That’s what I meant before when I said that Tranderpost might be mad. The cagers thought he was mad. Maybe he was. Sometimes he thought he was mad. For instance, one morning as Tranderpost studied the bottom of his coffee cup, the figure of a man appeared there. The man raised a rifle and pointed it at him. Tranderpost slammed his hat down over the cup and screamed, ” No! Don’t shoot! No! Get down! Duck down!” He ducked down behind the table, and one of the other traders said, “Your coffee cup take a shot at you, Tranderpost?”

The traders let him keep his coffee cup with him all the time, not out of any generous motive, but so they could be entertained by asking what he had seen today. Soon, he stopped telling them, and they tired of watching him, so they put him and his coffee cup into the empty tiger’s cage, and latched the door shut.

Tranderpost was glad that they had left him his cup because it gave him something to look at besides the bars of his cage. Imagine his surprise then, a day or so later, when he glanced into his cup and saw those very cage bars, exactly the way he’d just been seeing them! You see, that’s the tricky thing about eye work. It works both ways. The tiger sometimes saw what Tranderpost was seeing, not in a coffee cup, of course. In this case, while the tiger was looking into a pool of water, he saw the bars of that hateful cage from Tranderpost’s point of view.

The tiger backed away from the pool. He tried to ignore the image, but he could not. It made him feel that he was caged again. It gave him bad dreams. He kept his daylight vision focussed on getting something to eat and avoided pools of water as long as he could. When he had to get a drink, he would close his eyes. That was messy, and a time or two, he got water up his nose. In dreams he could not close his inner eyes and the water was there again, reflecting the bars of the cage.

Tranderpost kept seeing those some bars in his coffee cup, and he couldn’t understand that at all. He knew that he really had gone mad. On one night of his madness, staring into the forest of the night, he saw the eyes of the tiger, not in his cup, but right in front of him. He felt the tiger’s breath. I guess the tiger had gone mad, too, because it tore at the lock and lever of the cage with its teeth and claws until the door fell open. Tranderpost and the tiger escaped into different portions of the forest of the night, hoping that that was the end of seeing cages.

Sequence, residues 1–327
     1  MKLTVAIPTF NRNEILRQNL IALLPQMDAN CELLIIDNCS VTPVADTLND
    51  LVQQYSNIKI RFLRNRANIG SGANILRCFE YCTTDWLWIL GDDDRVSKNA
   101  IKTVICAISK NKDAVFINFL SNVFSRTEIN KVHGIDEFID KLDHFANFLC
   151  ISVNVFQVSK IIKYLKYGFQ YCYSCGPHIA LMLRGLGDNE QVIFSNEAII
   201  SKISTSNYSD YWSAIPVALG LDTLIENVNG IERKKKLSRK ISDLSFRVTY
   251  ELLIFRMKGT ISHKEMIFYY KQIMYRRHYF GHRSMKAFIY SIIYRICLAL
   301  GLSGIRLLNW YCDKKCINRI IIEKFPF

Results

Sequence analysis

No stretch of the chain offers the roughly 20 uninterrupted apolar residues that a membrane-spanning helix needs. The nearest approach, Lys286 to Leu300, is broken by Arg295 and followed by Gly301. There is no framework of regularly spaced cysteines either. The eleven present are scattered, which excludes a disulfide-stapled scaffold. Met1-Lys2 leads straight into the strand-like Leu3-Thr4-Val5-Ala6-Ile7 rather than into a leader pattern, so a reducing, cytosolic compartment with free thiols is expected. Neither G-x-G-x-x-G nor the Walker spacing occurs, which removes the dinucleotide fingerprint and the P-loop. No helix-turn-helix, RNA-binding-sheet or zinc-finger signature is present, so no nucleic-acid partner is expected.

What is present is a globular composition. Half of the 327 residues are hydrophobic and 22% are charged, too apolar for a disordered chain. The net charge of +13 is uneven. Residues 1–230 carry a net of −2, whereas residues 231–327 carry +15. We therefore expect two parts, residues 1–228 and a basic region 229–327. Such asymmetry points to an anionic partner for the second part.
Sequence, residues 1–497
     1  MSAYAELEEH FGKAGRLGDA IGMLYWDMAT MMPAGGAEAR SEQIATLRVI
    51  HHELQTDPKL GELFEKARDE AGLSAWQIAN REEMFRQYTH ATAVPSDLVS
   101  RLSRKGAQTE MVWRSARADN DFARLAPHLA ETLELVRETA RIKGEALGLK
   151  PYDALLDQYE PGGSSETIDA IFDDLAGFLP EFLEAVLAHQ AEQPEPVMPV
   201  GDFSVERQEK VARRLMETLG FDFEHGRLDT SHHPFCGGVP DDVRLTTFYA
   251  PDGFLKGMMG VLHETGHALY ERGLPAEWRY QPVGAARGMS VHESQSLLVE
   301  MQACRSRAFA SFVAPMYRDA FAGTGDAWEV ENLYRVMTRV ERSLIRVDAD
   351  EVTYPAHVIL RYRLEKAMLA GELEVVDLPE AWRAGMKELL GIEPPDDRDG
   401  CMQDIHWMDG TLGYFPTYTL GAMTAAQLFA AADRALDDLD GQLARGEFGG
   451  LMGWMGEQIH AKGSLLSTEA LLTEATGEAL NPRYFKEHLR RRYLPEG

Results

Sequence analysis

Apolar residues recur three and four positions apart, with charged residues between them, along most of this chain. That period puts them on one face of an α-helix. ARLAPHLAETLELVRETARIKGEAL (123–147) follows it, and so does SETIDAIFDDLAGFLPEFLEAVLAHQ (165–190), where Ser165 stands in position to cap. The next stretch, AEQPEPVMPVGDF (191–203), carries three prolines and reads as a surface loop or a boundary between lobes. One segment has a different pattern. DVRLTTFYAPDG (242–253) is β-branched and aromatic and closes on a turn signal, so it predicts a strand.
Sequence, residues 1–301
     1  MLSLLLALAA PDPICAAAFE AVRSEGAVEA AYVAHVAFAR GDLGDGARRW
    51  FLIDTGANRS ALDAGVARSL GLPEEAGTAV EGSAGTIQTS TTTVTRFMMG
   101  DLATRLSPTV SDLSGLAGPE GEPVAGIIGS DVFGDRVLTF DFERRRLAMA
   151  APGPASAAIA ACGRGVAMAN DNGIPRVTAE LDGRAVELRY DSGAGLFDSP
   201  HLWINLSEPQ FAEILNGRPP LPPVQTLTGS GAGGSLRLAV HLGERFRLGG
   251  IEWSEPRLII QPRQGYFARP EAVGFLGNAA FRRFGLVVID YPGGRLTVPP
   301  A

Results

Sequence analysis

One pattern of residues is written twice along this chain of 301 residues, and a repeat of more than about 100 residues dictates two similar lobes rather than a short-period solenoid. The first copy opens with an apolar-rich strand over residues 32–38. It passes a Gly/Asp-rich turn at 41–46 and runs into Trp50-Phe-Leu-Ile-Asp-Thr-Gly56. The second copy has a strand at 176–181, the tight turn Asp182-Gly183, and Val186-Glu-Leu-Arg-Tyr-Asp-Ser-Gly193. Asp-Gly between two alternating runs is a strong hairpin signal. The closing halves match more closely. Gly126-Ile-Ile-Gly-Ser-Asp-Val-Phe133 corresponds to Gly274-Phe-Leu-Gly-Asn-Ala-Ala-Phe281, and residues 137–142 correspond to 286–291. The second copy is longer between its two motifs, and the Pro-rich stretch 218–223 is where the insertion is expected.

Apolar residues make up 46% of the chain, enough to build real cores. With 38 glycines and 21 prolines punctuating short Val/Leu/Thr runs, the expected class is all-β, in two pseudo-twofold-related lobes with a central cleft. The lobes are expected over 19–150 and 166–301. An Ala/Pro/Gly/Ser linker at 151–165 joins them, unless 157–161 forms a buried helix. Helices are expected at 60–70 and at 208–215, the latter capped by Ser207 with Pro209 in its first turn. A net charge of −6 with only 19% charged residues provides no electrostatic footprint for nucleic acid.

It wasn’t, though. Before he had gone half a mile, Tranderpost stopped to rest and get a drink of water. When he had emptied his cup, lo and behold, the bars were still reflected there. But, no, he beheld more closely. They were not the same bars. It was a different cage. Then he remembered the monkey who was in the cage next to his. As the tiger tore the cage open, the monkey had implored Tranderpost to open his cage, but the trader eyes were so enmeshed with the tiger’s, he didn’t see the monkey’s eyes. But he saw what they were seeing now. They were still caged. For the sake of his own vision, he had to go back. He released the monkey and they ran away together. The monkey was afraid of the night, so he climbed onto Tranderpost’s shoulders.

At dawn, they parted. The monkey could make better progress swinging from tree to tree. Tranderpost heard the whistle of a train, the train that would take him home. As the monkey climed into a tree, he looked into Tranderpost’s eyes, and in a way that only eyes can speak, said, ” Now you see what it’s like, being a monkey in an age of tigers.” Tranderpost replied, ” It’s worse than that, being an eye in an age of eyes. . . all those other eyes. ”

Later in the day, he rested by a stream near a railway watering station, waiting for the next train that would stop to take on water, and a solitary passenger. He used his precious coffee cup to get a drink of water. When the water was gone, he looked into the cup and saw a canopy of jungle trees. He was looking across the top of the canopy. His vision leapt from the top of one tree to another in perfect freedom.

Copyright 2007 Kenneth W. Jenks